Samoa is located about 1,800 miles north of New Zealand, 740 miles east of Fiji, 2,750 and 5,200 miles southwest of Los Angeles. The country comprises two relatively large islands, Upolu and Savaii and eight smaller islands. The capital Apia and the international airport are located on the island of Upolu.
The islands are volcanic and dominated by rugged mountain ranges and sandy beaches surrounded by coral reefs and lagoons. Samoa’s rainforests are an ideal habitat for flying foxes, land and sea birds, skinks and geckos. In the surrounding ocean, dolphins, whales, porpoises, and turtles are regular visitors to the islands. The reefs around the islands are home to some 900 fish species and over 200 varieties of coral.
A number of natural conservation areas are located in Upolu. Among them the Le Pupu-Pue National Park that protects a wide area including the summits of Mount Fito; the snorkeling paradise Palolo Deep Marine Reserve with its sudden drop, walls of corals and myriad tropical fish; the Saanapu and Sataoa Mangroves, and several magnificent waterfalls.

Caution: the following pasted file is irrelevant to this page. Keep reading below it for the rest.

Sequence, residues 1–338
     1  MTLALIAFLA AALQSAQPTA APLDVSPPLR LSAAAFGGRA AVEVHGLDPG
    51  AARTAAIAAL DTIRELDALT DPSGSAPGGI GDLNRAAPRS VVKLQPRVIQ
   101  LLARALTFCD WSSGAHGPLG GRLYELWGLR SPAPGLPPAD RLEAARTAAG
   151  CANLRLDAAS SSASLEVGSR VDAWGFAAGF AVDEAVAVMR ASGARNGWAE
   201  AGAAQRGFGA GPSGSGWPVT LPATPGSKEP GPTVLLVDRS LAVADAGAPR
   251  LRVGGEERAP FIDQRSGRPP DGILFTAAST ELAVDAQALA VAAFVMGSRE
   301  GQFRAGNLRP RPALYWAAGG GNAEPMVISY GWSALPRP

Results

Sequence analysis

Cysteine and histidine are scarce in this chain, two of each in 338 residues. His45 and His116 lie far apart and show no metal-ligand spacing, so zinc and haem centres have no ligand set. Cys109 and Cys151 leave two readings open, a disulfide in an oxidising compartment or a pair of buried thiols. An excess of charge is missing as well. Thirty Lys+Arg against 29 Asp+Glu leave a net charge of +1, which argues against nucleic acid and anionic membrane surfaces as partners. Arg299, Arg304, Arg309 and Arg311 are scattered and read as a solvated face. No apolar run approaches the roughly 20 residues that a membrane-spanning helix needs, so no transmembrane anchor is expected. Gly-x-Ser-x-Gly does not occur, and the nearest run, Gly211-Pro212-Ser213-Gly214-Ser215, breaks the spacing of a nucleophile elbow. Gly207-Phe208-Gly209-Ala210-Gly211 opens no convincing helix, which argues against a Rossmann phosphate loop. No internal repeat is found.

Savai’i also offers a number of nature conservations areas such as the Falealupo Rainforest Preserve with a canopy walk and the Tafua Peninsula Rainforest Preserve where birdwatchers can see flying foxes and the rare Samoan tooth-billed pigeon. Experienced guides lead adventure travelers deep down into the exciting Aopo lava cave at the Aopo Conservation Area or to beautiful waterfalls, such as the Mu Pagoa Waterfall.